Nauru refugees suffering from 'extreme' mental health issues
The majority of those in Australia-run immigration detention camps on the Pacific island of Nauru are suffering from "extreme" and "inhumane" levels of mental health issues, according to Doctors Without Borders (MSF).
In a new report titled "Indefinite Despair" presented on Monday, the international medical charity said 60 percent of its patients on Nauru are experiencing suicidal thoughts and 30 percent have attempted to take their own lives, including children as young as 9.
MSF said the mental-health suffering on Nauru is among the most severe the charity has witnessed globally, including its projects which provide care for victims of torture.
The group provided free medical care for refugees, as well as local Nauruans, from November 2017 to early October 2018, when the Nauru government abruptly forced it to leave. MSF said the extreme suffering of the migrants, a vast majority of whom have been classified genuine refugees, is "due to the Australian policy of indefinite offshore processing".
Since 2013, Australia's government has been implementing a widely-criticised policy of incarcerating migrants and asylum seekers trying to reach the country by boat in offshore facilities on Nauru and Papua New Guinea's Manus Island.
Among 208 patients seen by MSF doctors, 62 percent had been diagnosed with moderate or severe depression. Six percent had been diagnosed with resignation syndrome, a rare condition where patients are unable to eat or drink and are in a semi-comatose state.
"The medical data we release today confirms the heart-breaking reality that I witnessed on Nauru," said Christine Rufener, clinical psychologist, who was working for the MSF on Nauru. "Every day I worried which of my patients might attempt to take their own lives, because after five years of waiting people had lost all sense of hope."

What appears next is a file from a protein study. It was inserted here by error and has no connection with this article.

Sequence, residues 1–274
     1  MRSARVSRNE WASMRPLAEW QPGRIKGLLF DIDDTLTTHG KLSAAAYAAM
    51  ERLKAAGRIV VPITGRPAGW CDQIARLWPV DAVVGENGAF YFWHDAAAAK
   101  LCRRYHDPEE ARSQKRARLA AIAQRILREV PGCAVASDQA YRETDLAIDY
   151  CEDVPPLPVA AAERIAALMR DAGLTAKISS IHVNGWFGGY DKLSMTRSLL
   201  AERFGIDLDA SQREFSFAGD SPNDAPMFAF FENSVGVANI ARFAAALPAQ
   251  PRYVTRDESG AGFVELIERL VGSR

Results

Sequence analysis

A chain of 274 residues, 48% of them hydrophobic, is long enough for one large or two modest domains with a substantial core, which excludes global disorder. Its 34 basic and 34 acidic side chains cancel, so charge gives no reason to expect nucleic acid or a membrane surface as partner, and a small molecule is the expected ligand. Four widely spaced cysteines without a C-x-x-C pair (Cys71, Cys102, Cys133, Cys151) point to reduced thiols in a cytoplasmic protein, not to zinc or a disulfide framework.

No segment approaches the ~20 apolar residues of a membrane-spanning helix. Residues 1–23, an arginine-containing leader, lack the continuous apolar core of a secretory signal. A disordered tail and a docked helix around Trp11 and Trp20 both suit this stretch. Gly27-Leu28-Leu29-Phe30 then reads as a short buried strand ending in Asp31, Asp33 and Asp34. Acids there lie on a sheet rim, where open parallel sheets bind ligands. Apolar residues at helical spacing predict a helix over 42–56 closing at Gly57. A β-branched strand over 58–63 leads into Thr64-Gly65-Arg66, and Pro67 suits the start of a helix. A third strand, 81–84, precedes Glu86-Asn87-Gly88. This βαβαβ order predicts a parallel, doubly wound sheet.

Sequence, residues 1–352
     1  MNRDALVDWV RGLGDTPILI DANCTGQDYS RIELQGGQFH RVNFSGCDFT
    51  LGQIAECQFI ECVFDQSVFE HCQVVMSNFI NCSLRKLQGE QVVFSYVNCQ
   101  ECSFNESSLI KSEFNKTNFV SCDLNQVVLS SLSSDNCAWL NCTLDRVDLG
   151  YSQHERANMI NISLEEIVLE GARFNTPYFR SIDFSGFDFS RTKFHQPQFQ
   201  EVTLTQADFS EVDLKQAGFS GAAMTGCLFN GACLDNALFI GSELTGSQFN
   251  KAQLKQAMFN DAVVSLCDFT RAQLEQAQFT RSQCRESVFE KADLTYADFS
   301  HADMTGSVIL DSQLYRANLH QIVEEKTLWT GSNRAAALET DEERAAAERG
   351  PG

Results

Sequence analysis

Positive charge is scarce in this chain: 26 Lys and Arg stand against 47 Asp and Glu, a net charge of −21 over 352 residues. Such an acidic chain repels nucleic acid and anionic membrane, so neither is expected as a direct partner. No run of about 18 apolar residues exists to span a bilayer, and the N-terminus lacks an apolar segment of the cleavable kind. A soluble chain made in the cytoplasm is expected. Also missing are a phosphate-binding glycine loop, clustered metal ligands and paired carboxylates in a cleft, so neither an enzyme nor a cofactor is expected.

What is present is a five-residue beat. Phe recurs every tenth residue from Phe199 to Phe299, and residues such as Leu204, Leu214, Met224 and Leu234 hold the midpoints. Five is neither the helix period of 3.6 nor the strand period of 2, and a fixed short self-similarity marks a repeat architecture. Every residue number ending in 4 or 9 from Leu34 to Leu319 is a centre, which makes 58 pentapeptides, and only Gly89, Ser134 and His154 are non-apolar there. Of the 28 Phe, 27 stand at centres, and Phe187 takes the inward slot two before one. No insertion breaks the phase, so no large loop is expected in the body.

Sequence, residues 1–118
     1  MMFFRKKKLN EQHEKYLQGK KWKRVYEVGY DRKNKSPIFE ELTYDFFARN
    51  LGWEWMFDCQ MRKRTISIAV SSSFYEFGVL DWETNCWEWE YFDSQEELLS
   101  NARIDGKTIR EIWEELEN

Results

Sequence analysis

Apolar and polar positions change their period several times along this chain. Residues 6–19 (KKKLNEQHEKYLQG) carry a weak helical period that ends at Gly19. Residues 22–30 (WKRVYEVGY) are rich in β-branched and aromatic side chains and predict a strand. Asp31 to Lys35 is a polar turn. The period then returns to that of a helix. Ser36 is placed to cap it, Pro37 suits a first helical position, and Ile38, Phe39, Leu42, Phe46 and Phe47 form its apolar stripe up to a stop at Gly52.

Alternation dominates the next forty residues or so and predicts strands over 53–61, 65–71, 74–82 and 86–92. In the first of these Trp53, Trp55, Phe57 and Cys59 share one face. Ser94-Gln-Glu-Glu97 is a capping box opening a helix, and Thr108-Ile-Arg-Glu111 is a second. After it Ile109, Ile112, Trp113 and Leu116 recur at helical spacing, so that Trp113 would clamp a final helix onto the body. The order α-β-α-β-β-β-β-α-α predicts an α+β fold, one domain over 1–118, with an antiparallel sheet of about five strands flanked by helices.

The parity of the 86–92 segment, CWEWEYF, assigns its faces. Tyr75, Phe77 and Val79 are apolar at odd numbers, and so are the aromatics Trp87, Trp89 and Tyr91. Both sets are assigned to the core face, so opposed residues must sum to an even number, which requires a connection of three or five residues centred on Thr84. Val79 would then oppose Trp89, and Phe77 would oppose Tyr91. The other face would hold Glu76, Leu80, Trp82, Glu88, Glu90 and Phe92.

"While many of our patients had experienced trauma, it was the Australian policy of indefinite processing that destroyed all their hope for the future and devastated their mental health," she said.
The MSF report said that although three-quarters of refugee and asylum seeker patients reported experiencing traumatic events before reaching Nauru, such as conflict situations or detention, it was the situation on Nauru that was most damaging to their mental health.
"Being trapped in indefinite limbo for five years with unclear and unjust processes has led to widespread feelings of hopelessness," Stewart Condon, MSF Australia president, told reporters in Canberra.
"The evidence unequivocally shows that people's mental health is at serious risk when being held in detention. This is unacceptable, inhumane and, frankly, dangerous."
The exact numbers of refugees and asylum seekers on Nauru and Manus Island is not known because the Australian government does not give exact figures. But it is estimated there are more than 600 men and women on Nauru, as well as about a dozen children and similar number of men on Manus Island, according to refugee advocates.
The MSF report came as protesters rallied outside Parliament House in Canberra pushing the government to remove refugees from detention. (dpa)